New bunkers at Calvert Cliffs to hold a river of deadly waste

January 24, 1993|By Robert Ruby | Robert Ruby,Staff Writer

LUSBY -- Each looks like an army's ultimate pillbox or a grossly overbuilt garage, surrounded by a double row of high fencing at the Calvert Cliffs nuclear power plant. The exterior walls, made of concrete and steel, are 3 feet thick. So are the roofs. The doors weigh 6 tons.

If all goes well, the new, shedlike buildings will sometime later this year become a storage place for used reactor fuel, by far the plant's most intensely radioactive wastes. Everything at the new depot is designed to endure indefinite amounts of radiation and time, because a truly permanent storage place does not yet exist.

The Baltimore Gas and Electric Co., Calvert Cliffs' owner, has so far spent $24 million on this temporary solution to disposing of wastes that remain deadly for thousands of years -- a problem that, sooner or later, will affect almost every utility with nuclear power plants.

BG&E's investment is a sign of the company's desperation: Without the new storage structures, the utility says, it would run out of space for used reactor fuel by mid-1995 and be forced to close the plant.

For $24 million, BG&E has built the two bunkers and purchased the elaborate equipment required to move spent fuel, as it is called, from the reactor building to the storage site. BG&E wants eventually to bill those costs to its customers.

It is unlikely to be the final bill.

Every customer of every utility with nuclear power plants is already paying for a federal repository for spent fuel, though the repository does not yet exist. Since 1983, federal law has required utilities to add a surcharge to their bills to help pay the repository's development costs. BG&E's customers have so far paid $153 million.

BG&E offered the Calvert County commissioners a tour of the depot late last year, about the time construction was complete. The local officials noted, without pleasure, the lack of guarantees that the spent fuel will leave the county.

"Realistically," said Commissioner Mary Krug, "I have to accept the possibility that it will be here forever."

"We don't want that to happen," said Hagner Mister, chairman of the commissioners. "I'd like to see the federal government come up with a suitable location for this stuff to go."

BG&E and its customers are paying the price of broken promises. When the first Calvert Cliffs reactor began generating electricity, in 1975, the federal government was promising to open a permanent disposal site for spent fuel by 1985.

Later, the forecast was changed to 1988. Then, 1998. Then, 2003.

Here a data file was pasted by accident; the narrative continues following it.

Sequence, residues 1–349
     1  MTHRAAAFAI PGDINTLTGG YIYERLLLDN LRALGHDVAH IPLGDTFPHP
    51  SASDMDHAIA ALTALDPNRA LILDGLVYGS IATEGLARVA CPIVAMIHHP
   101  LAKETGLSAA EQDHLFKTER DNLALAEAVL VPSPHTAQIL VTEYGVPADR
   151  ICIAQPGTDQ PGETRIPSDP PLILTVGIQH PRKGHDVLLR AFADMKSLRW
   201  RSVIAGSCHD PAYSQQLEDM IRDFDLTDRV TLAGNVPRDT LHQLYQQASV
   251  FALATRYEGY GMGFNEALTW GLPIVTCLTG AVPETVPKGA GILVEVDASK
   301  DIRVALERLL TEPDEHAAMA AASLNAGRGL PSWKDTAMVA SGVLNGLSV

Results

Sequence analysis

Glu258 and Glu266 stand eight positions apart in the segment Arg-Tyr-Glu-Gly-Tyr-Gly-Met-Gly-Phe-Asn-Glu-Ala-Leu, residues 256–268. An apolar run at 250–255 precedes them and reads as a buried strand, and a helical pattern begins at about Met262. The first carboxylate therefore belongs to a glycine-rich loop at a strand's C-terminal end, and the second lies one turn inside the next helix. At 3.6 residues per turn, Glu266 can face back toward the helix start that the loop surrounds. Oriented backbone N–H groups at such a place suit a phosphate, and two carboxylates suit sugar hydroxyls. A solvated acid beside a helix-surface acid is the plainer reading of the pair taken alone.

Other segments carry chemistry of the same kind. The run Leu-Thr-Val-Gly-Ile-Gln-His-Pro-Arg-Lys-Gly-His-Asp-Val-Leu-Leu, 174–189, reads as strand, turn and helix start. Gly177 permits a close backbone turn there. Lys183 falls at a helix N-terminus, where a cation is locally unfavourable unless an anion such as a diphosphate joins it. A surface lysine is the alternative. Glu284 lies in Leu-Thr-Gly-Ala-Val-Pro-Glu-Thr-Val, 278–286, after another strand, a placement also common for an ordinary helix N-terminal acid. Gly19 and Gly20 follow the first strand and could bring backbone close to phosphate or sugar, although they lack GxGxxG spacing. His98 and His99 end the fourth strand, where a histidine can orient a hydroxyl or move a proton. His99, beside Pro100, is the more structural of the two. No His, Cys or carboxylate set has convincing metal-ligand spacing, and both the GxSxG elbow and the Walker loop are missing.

The Department of Energy's current goal is to open a repository at Yucca Mountain, Nev., by 2010. The Nuclear Regulatory Commission (NRC), which must license the site, expresses greater caution; it forecasts only that a repository will become available sometime before 2025, at Yucca Mountain or elsewhere.

Room for expansion

With that history in mind, BG&E has included room for expansion at the new storage area; unless the company adds still more bunkers, it will again run out of storage space in about 2003. Calvert Cliffs is licensed to operate until 2017, and that license may be extended.

BG&E has permission to use the storage system for 20 years, but has built structures designed to last considerably longer. "There is no set date at which these things crumble," says Larry Noll, manager of the project. "Given the fact it is essentially reinforced concrete, it can last for an indeterminate amount of time."

What goes into the bunkers is almost certainly destined to outlast them.

Before insertion into a reactor, the long, thin rods that contain Calvert Cliffs' uranium fuel emit relatively small amounts of radioactivity. A person could have a new fuel assembly -- each assembly contains 176 fuel rods -- in his living room, and in a day receive a smaller radiation dose than he would get from a series of hospital X-rays of his chest. He could sit on the assembly for hours, if not days.

Spent fuel is altogether different. When atoms of uranium split during the fission process, more than 100 other radioactive elements are created. The longer the fuel remains in use, the greater the radioactivity. After two years in a reactor, a fuel assembly would be, in every sense, too hot to touch.

Fresh from months or years in a reactor, and exposed to the open air, a fuel assembly would emit a lethal radiation dose in about 10 minutes to a person standing about 10 yards away.

Over time, radiation levels decline. But experts resort to time scales suitable for geology when estimating when spent fuel would no longer pose a hazard. Some of the radioactive material decays into harmlessness in days; other material only after 10,000 years; still other material requires more than 100,000 years.

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